Preview by Neil Robinson 04/08/2005
Having originally named an unchanged twelve for the second Test at Edgbaston, Englandís selectors soon sent for Durhamís Paul Collingwood after taking a first look at the pitch on Monday. The Birmingham area has seen a lot of rain in the last few weeks, and those who have seen the pitch say it is likely to be a slow, seaming type of surface, most suitable for skiddy bowlers such as Matthew Hoggard, Simon Jones and Jason Gillespie. It might not have been suitable for much at all had the devastating tornado which hit the city last week have come closer than 800 yards from the ground. ďThat would have been it,Ē said head groundsman Steve Rowse, ďmatch abandoned.Ē
While England might have welcomed the intervention of traditional British summer weather on the last two days at Lordís, they would have preferred a prolonged spell of dry weather in the lead up to this match to save them wondering whether to omit the spin of Ashley Giles in favour of the in-form batting and back-up swing and seam of Collingwood. Giles has been a key figure in England performances over the last year or so, not just for the wickets he has taken and the runs he has scored down the order, but also for the control he imposes which allows Englandís pace attack to be rested and rotated.
Giles did not have a happy match at Lordís. He started this season in the form of his life, but the interruption of his hip injury has left him with little bowling under his belt. While his opposite number Shane Warne was turning his arm over at length for Hampshire, Giles was restricted to filling in with the odd over here and there during the one day series. And Giles was not the only one short of practice. Ian Bell went into the Lordís match having not had a first-class innings in over a month, as English cricket entered into its now customary mid-summer orgy of limited overs excess.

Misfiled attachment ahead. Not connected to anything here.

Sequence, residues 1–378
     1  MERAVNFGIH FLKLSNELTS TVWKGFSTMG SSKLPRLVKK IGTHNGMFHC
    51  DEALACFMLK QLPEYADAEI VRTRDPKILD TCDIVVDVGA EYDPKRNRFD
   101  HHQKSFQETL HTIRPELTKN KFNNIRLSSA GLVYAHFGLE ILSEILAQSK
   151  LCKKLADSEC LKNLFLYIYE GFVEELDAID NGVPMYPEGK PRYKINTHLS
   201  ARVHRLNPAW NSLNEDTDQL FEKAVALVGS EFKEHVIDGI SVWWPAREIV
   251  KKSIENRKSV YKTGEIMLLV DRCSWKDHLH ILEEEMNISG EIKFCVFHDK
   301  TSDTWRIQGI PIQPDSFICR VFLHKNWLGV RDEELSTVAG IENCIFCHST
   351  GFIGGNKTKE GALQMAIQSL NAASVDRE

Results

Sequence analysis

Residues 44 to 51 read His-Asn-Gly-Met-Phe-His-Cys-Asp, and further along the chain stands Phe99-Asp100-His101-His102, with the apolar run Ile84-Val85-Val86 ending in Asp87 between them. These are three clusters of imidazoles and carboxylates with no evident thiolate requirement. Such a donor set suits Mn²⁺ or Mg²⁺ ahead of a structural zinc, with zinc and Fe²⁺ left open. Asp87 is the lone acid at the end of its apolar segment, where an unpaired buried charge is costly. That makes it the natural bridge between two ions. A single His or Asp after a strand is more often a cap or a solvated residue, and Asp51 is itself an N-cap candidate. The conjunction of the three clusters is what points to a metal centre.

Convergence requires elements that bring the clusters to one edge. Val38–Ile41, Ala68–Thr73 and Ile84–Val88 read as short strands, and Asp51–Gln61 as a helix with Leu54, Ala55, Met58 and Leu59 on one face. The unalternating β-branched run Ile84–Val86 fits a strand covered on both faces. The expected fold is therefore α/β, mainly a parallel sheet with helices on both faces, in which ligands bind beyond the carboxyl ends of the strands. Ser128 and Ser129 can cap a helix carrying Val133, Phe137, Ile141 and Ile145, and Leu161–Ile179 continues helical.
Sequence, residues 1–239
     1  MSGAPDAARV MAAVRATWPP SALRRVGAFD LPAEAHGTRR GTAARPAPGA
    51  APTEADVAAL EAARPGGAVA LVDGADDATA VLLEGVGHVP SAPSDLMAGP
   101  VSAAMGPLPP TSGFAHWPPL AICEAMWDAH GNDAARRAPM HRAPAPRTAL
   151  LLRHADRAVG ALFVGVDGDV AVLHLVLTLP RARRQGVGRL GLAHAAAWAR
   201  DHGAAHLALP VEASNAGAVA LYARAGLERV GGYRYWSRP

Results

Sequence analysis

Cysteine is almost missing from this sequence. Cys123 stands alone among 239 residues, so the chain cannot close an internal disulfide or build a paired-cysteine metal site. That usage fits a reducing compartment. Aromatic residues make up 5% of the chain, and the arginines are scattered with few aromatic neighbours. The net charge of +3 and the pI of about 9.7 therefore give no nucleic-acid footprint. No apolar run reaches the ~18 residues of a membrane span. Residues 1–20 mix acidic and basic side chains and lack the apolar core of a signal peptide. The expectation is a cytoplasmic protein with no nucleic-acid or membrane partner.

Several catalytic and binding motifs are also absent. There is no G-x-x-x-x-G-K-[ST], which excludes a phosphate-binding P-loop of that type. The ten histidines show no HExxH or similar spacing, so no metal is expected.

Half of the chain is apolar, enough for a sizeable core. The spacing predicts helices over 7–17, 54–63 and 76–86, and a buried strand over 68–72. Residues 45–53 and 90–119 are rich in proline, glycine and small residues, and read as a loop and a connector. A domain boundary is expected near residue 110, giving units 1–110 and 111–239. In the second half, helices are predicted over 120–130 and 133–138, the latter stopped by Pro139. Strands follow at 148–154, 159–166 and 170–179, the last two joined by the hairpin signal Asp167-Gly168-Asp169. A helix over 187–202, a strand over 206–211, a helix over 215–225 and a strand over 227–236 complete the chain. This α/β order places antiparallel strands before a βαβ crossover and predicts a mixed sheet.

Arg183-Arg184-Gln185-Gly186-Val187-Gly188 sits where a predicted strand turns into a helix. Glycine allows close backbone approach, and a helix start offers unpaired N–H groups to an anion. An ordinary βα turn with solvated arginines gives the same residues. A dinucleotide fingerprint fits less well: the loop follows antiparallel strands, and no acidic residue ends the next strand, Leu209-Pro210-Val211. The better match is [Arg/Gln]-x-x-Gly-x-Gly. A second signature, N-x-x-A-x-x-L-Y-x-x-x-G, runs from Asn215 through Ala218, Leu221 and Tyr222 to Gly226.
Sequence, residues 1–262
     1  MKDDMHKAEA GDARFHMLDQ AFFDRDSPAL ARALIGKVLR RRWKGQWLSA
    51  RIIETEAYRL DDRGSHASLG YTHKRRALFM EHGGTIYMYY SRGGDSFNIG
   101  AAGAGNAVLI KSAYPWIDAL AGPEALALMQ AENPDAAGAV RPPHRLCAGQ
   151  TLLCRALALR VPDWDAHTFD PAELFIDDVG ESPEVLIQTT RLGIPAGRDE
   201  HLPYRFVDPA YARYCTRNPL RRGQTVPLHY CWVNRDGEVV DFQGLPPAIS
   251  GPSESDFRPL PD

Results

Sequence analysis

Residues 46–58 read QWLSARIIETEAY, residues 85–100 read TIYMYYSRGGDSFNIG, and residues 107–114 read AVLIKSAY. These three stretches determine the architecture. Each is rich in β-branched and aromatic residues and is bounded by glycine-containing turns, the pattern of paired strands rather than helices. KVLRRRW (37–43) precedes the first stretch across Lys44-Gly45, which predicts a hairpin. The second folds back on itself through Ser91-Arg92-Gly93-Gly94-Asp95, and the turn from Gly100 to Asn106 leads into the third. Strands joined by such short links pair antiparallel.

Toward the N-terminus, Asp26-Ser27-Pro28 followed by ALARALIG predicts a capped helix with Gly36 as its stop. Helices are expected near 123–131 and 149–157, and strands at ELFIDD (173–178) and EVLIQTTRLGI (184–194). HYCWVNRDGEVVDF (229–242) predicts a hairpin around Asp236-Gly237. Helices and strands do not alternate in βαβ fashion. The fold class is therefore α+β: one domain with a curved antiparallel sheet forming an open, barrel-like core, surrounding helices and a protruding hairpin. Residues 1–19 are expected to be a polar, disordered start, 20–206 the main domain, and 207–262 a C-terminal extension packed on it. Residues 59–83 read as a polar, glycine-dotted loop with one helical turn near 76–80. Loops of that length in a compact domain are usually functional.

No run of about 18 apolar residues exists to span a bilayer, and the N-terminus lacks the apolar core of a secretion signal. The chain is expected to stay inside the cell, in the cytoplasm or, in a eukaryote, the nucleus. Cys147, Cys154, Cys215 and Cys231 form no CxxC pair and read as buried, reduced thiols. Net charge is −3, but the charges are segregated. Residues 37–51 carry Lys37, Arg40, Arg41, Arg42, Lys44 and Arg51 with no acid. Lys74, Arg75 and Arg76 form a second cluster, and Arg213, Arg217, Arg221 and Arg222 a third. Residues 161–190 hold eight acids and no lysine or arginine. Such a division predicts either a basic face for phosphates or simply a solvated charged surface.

It is a sad fact that for all the big talk about Team England and the priority given to Test prospects, the domestic scene is now devoted to one matter above all others: making money. Just about every notable date in the cricket calendar is now set aside for the one day Ďbig occasion.í First-class cricket is restricted to the working week, one day cricket gets all the peak hours, then they point to the attendance figures and say, ďlook, people just donít want to watch the longer game.Ē Well duh!
The end result is that while Australia were re-acclimatising themselves to the longer form of the game with a three-day match at Leicester, Englandís stars had the choice of net practice or showing the punters a bit of thigh in the Totesport League and Twenty20 Cup. Little wonder, then, that those who are not such naturals at the shorter form of the game, notably Vaughan and Bell, looked some way off the pace at Lordís.
It is not a subject I have heard raised often in the past, but I have lost count of how many people have said to me in the last few days that between Tests England really ought to play practice matches against the counties, or England A, or even, Lord help us!, Bangladesh A. The argument against this would probably be that while Englandís batsmen could do with time in the middle, the likes of Harmison and Flintoff do not need their workload adding to. Fair enough, but why would it need to be a full strength side? There are enough quality cricketers in England to make up the numbers for those who would need resting during such a match.
The whole point about central contracts was supposed to be that the England management would be able to pull players out of county matches when necessary. Their point becomes less clear if there are no four-day games to pull them out of in the first place.